This is the last article you can read this month
You can read more article this month
You can read more articles this month
Sorry your limit is up for this month
1917 The Russian Revolution: Reactions and Impact
Edited by David Morgan
(Socialist History Society, £6)
“DO WE really need another book on the Russian revolution?” David Morgan asks rhetorically in his preface to this publication.
The answer is “yes” if it deepens our understanding of those historical events and provides a fresh perspective and this volume of short essays by eight perceptive and challenging historians does just that.
While it must have been a severe challenge to the authors to write intelligently and with new insights, given that they have only a few pages, they rise to the challenge admirably. Succinctness can be a bonus at times.
Willie Thompson evaluates the lessons of October and their British resonance, Francis King looks at the consequences of the split in the European socialist movement as a result of the Bolshevik revolution, while Mike Makin-Waite examines the multidimensional aspects of Lenin’s thinking.
He argues forcefully against those who see Lenin as a prophet who foresaw historical developments. Lenin and his thinking have to be seen in their concrete historical context, he maintains, and demonstrates that he was much more a man responding creatively and courageously to rapidly changing contingencies than one who followed a rigid and preconceived trajectory.
Helen Boak discusses the impact of the revolution on Germany, seen by many Marxists at the time as the natural successor to Russia in the revolutionary domino sequence and Tobias Abse looks at an often neglected territory, giving valuable insights into the revolution’s impact on Italy.
Greta Sykes reveals the roles of revolutionary women poets, while John Partington emphasises the enormous significance of Clara Zetkin while Morgan, somewhat controversially, argues that Freud’s theory of psychoanalysis complemented Bolshevik political thinking.
Fascinating, highly readable and stimulating, it's a work that studiously avoids the constipated language and thinking of so many left-wing texts as well as the ongoing right-wing vituperation and dismissal of the whole revolutionary experience as a misconceived social experiment carried out by demonic fanatics.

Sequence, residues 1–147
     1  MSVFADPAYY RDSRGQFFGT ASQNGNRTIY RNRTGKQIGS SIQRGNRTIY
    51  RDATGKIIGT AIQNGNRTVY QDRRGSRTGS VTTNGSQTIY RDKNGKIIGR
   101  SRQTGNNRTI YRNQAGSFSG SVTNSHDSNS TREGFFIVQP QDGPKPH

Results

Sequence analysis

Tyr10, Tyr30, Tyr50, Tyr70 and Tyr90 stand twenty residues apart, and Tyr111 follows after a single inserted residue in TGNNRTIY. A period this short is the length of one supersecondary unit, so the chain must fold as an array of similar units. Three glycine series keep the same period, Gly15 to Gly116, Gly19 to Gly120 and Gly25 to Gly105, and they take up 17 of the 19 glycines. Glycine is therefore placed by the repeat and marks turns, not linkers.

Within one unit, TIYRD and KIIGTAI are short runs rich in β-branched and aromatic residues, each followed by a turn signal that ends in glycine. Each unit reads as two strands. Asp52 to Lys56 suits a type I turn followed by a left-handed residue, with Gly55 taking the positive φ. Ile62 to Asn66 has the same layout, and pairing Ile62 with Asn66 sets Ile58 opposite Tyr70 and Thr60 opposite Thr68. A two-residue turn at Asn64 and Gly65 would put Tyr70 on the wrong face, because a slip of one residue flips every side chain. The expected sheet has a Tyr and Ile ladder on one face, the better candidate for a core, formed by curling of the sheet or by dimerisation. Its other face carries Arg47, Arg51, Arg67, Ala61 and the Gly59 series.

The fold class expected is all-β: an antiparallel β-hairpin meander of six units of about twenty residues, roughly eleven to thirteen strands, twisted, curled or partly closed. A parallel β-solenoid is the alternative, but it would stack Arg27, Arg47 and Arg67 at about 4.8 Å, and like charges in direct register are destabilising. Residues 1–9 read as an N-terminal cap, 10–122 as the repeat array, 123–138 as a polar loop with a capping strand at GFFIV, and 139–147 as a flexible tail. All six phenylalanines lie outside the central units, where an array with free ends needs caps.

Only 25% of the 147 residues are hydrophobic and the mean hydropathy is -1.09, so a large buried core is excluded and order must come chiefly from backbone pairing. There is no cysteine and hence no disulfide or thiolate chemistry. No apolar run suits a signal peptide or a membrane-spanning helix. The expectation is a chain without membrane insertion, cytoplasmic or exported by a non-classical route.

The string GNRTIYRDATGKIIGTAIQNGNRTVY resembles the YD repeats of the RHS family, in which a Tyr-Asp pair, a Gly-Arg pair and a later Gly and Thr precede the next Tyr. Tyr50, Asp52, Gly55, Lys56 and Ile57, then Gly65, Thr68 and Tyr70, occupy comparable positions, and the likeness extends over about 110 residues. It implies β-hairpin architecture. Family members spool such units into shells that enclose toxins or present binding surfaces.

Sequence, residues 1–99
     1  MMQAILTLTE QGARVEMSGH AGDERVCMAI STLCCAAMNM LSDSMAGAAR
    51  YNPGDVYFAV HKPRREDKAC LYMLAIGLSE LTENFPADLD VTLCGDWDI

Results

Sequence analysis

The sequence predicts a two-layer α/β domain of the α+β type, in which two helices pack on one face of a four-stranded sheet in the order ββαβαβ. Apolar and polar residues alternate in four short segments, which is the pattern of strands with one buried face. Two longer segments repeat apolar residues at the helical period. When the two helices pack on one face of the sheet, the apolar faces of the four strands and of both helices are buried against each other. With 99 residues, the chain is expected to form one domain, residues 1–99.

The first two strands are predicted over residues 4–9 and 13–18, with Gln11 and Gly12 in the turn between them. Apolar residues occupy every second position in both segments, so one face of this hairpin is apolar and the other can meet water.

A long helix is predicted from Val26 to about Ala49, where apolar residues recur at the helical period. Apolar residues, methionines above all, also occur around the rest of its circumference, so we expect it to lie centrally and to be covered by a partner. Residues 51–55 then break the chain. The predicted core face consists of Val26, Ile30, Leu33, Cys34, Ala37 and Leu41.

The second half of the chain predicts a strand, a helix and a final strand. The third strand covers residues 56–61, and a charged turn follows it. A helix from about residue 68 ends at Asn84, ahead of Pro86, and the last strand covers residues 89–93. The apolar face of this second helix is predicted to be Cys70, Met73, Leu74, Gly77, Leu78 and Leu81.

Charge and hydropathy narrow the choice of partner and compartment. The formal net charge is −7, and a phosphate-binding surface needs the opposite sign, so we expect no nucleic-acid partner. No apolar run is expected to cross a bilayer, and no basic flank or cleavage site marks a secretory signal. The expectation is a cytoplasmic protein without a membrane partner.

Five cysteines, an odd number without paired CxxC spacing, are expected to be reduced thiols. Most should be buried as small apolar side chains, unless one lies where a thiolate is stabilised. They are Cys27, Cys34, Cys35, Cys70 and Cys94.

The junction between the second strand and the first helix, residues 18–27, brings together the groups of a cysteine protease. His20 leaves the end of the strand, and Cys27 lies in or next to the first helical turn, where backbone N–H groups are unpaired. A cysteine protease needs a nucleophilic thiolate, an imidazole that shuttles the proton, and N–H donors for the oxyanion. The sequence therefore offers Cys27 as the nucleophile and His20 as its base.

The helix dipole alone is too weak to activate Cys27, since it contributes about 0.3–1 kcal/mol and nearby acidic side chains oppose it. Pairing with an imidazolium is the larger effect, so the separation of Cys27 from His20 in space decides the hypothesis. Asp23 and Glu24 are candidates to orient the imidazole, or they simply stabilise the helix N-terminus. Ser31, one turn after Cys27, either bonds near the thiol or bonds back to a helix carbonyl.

Available from Housmans, Bookmarks and direct from the Socialist History Society, email: email@example.com
You can’t buy a revolution, but you can help the only daily paper in Britain that’s fighting for one by joining the 501 club.
Just £5 a month gives you the opportunity to win one of 17 prizes, from £25 to the £501 jackpot.
By becoming a 501 Club member you are helping the Morning Star cover its printing, distribution and staff costs — help keep our paper thriving by joining!
You can’t buy a revolution, but you can help the only daily paper in Britain that’s fighting for one by become a member of the People’s Printing Press Society.
The Morning Star is a readers’ co-operative, which means you can become an owner of the paper too by buying shares in the society.
Shares are £1 each — though unlike capitalist firms, each shareholder has an equal say. Money from shares contributes directly to keep our paper thriving.
Some union branches have taken out shares of over £500 and individuals over £100.
You can’t buy a revolution, but you can help the only daily paper in Britain that’s fighting for one by donating to the Fighting Fund.
The Morning Star is unique, as a lone socialist voice in a sea of corporate media. We offer a platform for those who would otherwise never be listened to, coverage of stories that would otherwise be buried.
The rich don’t like us, and they don’t advertise with us, so we rely on you, our readers and friends. With a regular donation to our monthly Fighting Fund, we can continue to thumb our noses at the fat cats and tell truth to power.
Donate today and make a regular contribution.